Molly Lieber + Eleanor Smith
Molly Won’t Stop Singing, Eleanor Won’t Stop Talking, And I Don’t Know Why
As I was writing this, my dear friend (and fellow BAC Story writer) Benedict Nguyen sent one of their brilliant missives, tracing their own process of writing towards this assignment. They ask (or plead, or muse, quietly, to themselves), “...is writing about art (or maybe anything), some weird exercise in confirmation bias [?]
I not only see what I want to see but I get to reconfirm my perception by having (some of) the words I write be shared ‘in a public record’.”
I state this here not as a way for me to inch away from owning up to my own subjectivity or absolve myself from all of the cluttered biases I carry, if such a thing is possible. I wish to frame what I am about to say with the necessary knowledge that it is born of my own highly personal opinion. And, I do so with the hope of public affirmation and skepticism in equal measure.
Molly and Eleanor don’t need my disclaimers, though. They are so in the depths of how they work and make and perform that, frankly, they are waiting for us all to catch the fuck up. They know that what they are doing is misunderstood by many and needed by many more (myself included). They know they don’t have much control over certain narratives (of the vulnerability of the naked female body; of the pervasive, creeping male gaze) that may orbit their work. Dispelling any myths about what they do is not the best use of their time. They are busy doing the work.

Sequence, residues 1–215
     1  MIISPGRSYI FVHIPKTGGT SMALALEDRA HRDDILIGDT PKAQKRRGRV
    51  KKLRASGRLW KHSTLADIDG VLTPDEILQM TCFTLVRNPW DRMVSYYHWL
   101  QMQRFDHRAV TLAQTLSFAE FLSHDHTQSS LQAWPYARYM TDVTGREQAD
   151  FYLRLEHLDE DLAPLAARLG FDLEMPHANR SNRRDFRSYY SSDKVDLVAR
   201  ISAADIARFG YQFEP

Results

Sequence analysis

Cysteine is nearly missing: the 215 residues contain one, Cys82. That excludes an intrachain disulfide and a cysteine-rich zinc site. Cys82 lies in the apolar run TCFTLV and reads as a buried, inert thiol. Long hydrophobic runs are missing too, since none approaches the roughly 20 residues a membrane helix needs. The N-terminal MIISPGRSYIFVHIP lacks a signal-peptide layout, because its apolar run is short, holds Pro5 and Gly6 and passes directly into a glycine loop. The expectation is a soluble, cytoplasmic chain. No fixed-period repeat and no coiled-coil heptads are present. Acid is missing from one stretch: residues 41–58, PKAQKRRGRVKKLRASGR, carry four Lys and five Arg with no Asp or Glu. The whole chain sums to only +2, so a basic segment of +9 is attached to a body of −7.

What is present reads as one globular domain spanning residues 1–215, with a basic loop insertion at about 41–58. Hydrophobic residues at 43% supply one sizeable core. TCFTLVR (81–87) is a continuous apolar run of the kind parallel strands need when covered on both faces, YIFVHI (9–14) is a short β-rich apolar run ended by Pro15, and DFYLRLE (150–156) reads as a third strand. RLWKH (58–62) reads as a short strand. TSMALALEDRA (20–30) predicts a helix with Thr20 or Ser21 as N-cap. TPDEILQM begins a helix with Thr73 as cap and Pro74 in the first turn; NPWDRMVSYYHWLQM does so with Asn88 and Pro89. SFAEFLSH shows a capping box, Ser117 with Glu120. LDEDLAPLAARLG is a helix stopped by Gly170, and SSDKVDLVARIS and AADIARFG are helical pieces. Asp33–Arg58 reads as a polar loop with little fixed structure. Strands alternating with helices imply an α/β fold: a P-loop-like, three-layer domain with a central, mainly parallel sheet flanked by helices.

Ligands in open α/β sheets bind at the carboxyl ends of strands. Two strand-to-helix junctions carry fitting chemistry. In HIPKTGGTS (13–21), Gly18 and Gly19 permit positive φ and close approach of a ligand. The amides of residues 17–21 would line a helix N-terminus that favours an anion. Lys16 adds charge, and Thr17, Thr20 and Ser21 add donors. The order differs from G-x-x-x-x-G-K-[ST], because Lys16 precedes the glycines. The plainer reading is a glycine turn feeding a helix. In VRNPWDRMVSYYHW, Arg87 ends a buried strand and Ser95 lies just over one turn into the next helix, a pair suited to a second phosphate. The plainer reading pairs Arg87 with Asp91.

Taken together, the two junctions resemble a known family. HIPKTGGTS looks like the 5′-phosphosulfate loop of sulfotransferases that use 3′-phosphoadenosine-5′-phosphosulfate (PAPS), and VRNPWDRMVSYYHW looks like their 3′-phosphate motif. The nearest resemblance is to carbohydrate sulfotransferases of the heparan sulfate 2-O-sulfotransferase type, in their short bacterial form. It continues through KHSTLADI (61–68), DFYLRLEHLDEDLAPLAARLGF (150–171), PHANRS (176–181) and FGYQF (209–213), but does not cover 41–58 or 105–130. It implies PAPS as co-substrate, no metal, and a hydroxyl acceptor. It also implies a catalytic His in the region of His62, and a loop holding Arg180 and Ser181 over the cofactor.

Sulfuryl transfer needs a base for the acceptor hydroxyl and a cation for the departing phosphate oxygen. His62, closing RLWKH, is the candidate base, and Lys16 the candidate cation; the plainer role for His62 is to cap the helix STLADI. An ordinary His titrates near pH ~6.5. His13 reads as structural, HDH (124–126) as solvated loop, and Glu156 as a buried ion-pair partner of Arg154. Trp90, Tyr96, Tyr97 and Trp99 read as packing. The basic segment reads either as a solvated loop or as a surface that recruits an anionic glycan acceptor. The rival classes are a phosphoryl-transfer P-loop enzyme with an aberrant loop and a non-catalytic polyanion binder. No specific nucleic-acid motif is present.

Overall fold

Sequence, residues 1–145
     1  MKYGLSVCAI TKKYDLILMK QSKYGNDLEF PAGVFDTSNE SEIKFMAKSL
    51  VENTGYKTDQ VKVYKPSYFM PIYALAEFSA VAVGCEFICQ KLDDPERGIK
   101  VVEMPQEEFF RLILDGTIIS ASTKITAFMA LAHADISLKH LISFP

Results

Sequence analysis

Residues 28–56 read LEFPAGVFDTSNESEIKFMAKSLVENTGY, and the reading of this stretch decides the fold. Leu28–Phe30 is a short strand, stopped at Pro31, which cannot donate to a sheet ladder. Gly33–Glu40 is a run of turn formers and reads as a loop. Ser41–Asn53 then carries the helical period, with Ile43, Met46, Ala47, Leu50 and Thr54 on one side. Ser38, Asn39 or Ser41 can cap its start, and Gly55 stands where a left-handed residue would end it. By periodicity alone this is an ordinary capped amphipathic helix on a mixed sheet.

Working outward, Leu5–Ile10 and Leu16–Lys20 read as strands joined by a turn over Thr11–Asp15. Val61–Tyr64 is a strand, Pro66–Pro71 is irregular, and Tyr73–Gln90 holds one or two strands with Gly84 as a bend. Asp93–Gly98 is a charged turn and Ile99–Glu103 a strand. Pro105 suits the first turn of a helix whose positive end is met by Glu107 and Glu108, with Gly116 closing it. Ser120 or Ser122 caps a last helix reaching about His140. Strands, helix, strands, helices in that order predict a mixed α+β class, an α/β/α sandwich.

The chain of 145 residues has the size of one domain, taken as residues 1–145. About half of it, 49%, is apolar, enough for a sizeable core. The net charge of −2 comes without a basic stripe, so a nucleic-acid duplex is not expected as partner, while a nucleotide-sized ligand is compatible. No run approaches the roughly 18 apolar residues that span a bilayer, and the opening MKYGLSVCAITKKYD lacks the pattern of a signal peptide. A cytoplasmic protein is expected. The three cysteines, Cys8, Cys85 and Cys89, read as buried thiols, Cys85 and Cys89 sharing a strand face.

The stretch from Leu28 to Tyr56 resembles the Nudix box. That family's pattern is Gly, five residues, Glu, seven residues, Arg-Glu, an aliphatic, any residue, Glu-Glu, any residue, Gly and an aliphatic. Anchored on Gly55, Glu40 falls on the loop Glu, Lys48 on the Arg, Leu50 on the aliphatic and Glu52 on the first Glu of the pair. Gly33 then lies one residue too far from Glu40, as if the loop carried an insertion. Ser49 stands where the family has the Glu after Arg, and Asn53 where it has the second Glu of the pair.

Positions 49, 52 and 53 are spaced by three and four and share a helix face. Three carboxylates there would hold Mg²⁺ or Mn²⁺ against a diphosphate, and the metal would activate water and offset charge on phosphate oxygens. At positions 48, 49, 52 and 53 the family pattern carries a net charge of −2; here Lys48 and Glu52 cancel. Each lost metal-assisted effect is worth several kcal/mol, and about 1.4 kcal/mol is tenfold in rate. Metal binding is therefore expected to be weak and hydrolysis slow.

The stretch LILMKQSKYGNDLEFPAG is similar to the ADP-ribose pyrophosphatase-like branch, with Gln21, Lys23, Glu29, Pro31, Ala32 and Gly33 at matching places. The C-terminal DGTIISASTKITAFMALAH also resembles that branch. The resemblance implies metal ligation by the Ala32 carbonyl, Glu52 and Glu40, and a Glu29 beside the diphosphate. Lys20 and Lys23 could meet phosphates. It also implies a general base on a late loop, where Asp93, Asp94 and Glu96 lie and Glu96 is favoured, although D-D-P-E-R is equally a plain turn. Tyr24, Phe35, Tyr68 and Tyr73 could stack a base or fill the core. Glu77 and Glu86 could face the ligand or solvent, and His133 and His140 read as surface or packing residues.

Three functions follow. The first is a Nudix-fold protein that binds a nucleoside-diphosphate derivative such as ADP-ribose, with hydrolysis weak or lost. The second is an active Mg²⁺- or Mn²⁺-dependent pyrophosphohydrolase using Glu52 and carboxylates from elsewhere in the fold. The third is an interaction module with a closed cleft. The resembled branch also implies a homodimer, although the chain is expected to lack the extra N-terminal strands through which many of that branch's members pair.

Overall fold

Allow me to be slightly reductive for a minute:
I met with Molly and Eleanor during the second week of their BAC Space Residency, and, at a certain point in our conversation, I was curious about the choice they have made in recent years to use their voices. Literally, use them, in their work. I know it may seem crass or trivial, but this question has lingered since a certain watershed moment from Basketball (2017, Baryshnikov Arts Center), when Eleanor told us (admitted? admonished?), through clenched teeth, about a past sexual assault. But, did she really tell us? It seemed to offer a crack in the surface of what had been the work of and for two mostly nude, female bodies up until that point: intense, intertwined, sculptural, steadfast. Though their practice has always been rooted in the body, we could no longer ignore the very specific instances of harm and assault involved with these bodies. We couldn’t stay living in our enamoredness of their abstracted physicality. But, let’s be clear: they did the work to make us see what was there all along.